Tagged with Oslo
This last week or two has seen a number of interesting stories come out of Microsoft (some official, some not official), especially as it relates to developers and writing code. While I am sure that the announcements are not meant to indicate a trend, taken in conjuction they are confusing or disheartening to developers.
First out of the gate was the announcement of WebMatrix. WebMatrix is a new non-Visual Studio tool for building websites using ASP.NET MVC (and their new view engine) along with a standalone version of IIS and SQL Server Compact. This tool is squarely pointed at the PHP set and wants to make things simple for people who need to just build websites quickly without all the ceremony of ASP.NET.
As my continued facination with all things SQL Server Modeling related, I was tasked with writing a short article on the introduction of the basics of SQL Server Modeling for the developer. The result is the article "The Busy Developer's Guide to SQL Server Modeling" that was released on MSDN today. It is short so you can get the big details without investing a month learning the technology. Let me know what you think!
I have a chance to sit down with Keith and Woody of the Deep Fried Bytes podcast to give them my long elevator pitch for Oslo and Domain Specific Languages. If you haven't heard me tell the Oslo story, grab some headphones...
I had the pleasure recently to sit down with Keith and Woody on their Deep Fried Bytes Podcast and talk about Oslo and DSLs in general. If you have a chance, go listen to it and let me know what you think!
UPDATE: All Three Are Available Now!
The newest CTP of the Oslo SDK is available and lots of changes are included:
If you haven't been following the new Specification for the M Language that the Oslo team has been cooking up, they have been making changes in response to feedback about the language. These changes will come to light in the next CTP. These changes are;
'=>' as label binding operator
In early June, I'll be making my first trip to Vancouver Canada. This trip will be so I can speak at DevTeach this year. DevTeach is a 3-day conference with an impressive lineup of speakers including Ted Neward, Julie Lerman, David Larribee, Tim Huckaby, Miguel Castro, Kathleen Dollard, Oren Eini and Richard Campbell!
I had a great time at the SQL Saturday in Atlanta today. I did two talks: Using MSchema and ADO.NET Data Services for DBAs. If you were there, thanks for attending. If you wanted to grab the code and slides, follow the link above!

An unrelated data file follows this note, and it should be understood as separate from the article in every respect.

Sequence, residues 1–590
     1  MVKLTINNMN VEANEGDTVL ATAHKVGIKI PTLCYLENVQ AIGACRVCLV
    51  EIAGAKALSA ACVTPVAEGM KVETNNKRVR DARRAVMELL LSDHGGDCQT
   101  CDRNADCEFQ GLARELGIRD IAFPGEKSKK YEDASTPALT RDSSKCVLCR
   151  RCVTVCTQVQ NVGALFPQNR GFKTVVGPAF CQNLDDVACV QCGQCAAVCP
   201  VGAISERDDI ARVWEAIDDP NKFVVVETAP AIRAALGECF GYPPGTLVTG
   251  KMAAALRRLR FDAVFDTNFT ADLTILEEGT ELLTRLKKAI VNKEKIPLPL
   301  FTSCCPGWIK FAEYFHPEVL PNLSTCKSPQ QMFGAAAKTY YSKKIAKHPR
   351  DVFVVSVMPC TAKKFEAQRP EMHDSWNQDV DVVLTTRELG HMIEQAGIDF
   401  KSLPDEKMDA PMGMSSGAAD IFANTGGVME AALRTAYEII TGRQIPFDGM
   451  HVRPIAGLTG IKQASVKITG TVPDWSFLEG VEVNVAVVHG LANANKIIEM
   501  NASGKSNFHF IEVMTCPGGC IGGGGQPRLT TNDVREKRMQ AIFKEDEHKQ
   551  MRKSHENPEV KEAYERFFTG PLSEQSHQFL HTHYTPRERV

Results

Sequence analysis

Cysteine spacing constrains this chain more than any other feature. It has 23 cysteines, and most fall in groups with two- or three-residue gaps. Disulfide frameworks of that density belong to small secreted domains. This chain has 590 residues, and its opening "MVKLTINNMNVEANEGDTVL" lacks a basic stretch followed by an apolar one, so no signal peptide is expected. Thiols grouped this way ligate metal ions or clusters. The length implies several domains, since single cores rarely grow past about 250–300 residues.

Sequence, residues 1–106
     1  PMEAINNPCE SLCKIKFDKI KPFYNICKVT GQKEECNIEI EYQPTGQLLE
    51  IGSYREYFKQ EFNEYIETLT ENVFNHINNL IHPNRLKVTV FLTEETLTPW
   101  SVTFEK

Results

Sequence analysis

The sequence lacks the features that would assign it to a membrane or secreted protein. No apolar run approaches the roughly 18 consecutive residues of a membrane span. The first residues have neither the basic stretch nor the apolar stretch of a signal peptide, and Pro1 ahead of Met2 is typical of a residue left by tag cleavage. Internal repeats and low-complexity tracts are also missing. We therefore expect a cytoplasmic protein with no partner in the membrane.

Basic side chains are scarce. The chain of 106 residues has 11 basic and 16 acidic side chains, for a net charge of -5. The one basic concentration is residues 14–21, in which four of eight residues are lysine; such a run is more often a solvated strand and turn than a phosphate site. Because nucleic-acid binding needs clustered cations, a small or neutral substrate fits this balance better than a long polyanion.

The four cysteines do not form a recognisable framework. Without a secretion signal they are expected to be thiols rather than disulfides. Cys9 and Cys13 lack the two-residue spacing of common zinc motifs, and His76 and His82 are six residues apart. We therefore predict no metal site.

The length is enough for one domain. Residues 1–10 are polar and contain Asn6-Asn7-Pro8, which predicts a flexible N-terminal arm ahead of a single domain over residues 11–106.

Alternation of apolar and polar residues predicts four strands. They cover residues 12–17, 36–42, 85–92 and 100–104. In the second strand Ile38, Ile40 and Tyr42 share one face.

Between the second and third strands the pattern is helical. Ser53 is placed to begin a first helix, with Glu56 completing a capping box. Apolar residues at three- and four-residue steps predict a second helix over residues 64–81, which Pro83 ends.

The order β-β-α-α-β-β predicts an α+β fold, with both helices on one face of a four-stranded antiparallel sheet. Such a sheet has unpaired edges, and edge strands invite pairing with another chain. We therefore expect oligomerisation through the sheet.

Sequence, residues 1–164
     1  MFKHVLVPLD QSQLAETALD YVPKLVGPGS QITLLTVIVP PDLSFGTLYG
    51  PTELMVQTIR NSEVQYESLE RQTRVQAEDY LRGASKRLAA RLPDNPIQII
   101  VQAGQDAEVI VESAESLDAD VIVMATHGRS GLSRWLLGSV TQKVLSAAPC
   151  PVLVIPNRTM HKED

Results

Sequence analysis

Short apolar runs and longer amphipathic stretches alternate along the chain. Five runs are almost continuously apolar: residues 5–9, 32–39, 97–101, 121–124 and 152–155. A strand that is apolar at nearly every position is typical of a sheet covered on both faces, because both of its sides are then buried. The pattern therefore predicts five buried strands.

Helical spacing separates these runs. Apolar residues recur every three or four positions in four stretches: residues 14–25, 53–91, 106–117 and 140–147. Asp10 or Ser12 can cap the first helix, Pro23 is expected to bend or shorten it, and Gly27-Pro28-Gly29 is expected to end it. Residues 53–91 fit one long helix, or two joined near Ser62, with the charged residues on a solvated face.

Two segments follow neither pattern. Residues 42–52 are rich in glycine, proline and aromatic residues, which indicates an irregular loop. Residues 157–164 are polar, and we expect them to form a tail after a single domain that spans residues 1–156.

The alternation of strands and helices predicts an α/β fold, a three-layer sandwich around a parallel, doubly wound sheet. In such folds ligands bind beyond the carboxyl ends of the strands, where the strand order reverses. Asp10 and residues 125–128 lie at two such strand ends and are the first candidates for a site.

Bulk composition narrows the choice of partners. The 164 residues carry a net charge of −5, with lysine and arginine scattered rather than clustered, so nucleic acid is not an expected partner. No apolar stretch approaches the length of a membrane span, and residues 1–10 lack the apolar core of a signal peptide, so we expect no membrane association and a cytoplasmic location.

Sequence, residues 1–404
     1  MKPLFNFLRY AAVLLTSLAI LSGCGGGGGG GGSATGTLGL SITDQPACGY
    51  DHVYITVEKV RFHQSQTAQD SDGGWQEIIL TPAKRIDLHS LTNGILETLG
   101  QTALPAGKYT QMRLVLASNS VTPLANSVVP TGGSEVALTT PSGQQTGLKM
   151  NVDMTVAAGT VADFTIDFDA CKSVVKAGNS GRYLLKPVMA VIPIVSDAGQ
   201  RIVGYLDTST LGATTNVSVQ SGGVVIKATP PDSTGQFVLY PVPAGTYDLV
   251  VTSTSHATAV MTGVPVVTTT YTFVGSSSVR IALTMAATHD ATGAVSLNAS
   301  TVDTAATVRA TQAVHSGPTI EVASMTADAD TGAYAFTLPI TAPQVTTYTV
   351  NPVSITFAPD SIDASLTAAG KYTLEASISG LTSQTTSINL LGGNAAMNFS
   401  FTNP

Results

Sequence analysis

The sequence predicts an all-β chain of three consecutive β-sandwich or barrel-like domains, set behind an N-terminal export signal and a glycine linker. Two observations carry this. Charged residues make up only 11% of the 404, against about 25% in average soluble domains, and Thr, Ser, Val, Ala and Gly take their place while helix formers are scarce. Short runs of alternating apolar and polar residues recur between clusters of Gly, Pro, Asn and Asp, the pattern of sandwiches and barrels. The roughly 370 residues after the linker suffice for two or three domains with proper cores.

My third (and last) part of my series on building Textual DSLs is now live on the Oslo DevCenter. In this part, I discuss how to take the DSL and use it at runtime or insert it into a database. Using the Oslo Toolchain the whole way.
I've been bloging some about my experience using and playing with different parts of the Oslo stack on projects and articles. I've gotten a couple of reactions as to why it matters. I have covered some of it in my article series that focuses on DSLs and developers here:
But there is a bigger picture here that I want people to get their heads around: Models Matter.
I've been playing a lot with M to do my database and test data loads for some internal projects for AgiliTrain and I've noticed an interesting representation for how relationships in MSchema are generating their SQL. In MSchema you have a couple of ways to represent a relationship between tables. The relationship syntax is one feature I really like in MSchema. For example, let's take the Northwind database's Customers and Orders tables. In MSchema I can define them in a traditional way where the Order has a reference to the Customer table:
As usual I have a full schedule of appearances coming up. After my long trip to the west coast, most of my appearances coming up are more on the right-coast. If you're in any of these cities, come by and hear me discuss your favorite topics:
The second of my three part series on convincing developers to build their own textual DSLs is up on the Oslo Dev Center. Take a look and don't forget the first in the series which you can find here:
When I talk to a lot of people about MVC they point to jQuery and other frameworks as the reason they want to use MVC. Certainly ASP.NET MVC allows us to program our views much closer to the HTTP protocol and the HTML DOM which means that scripting frameworks are easier. This means that you can do some amazing things with these tools in ASP.NET MVC without having to fit a square peg in a round hole.